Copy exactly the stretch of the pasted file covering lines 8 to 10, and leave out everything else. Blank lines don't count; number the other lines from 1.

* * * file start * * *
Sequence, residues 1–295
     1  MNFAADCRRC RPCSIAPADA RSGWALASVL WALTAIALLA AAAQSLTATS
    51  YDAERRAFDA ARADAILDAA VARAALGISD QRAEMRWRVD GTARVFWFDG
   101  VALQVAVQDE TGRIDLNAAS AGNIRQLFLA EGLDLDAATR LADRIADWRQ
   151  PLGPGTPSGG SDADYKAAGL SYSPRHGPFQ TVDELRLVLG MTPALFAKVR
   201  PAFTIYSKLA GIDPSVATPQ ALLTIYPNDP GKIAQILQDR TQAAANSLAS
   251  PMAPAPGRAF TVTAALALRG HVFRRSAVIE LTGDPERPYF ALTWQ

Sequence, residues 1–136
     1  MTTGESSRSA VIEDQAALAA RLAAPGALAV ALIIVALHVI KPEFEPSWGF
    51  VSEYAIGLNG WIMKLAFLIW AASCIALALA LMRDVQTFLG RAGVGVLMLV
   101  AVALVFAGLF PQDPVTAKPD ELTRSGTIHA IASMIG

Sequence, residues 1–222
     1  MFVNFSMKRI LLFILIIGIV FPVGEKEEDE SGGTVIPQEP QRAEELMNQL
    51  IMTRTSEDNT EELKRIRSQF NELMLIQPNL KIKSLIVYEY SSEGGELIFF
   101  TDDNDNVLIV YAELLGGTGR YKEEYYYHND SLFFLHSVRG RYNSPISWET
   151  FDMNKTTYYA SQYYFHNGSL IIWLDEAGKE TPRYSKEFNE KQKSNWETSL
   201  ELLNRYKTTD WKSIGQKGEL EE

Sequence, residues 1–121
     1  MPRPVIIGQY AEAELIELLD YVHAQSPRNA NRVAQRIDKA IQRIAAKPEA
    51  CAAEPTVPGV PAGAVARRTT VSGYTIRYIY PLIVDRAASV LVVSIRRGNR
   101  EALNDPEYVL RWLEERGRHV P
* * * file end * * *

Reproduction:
Sequence, residues 1–136
     1  MTTGESSRSA VIEDQAALAA RLAAPGALAV ALIIVALHVI KPEFEPSWGF
    51  VSEYAIGLNG WIMKLAFLIW AASCIALALA LMRDVQTFLG RAGVGVLMLV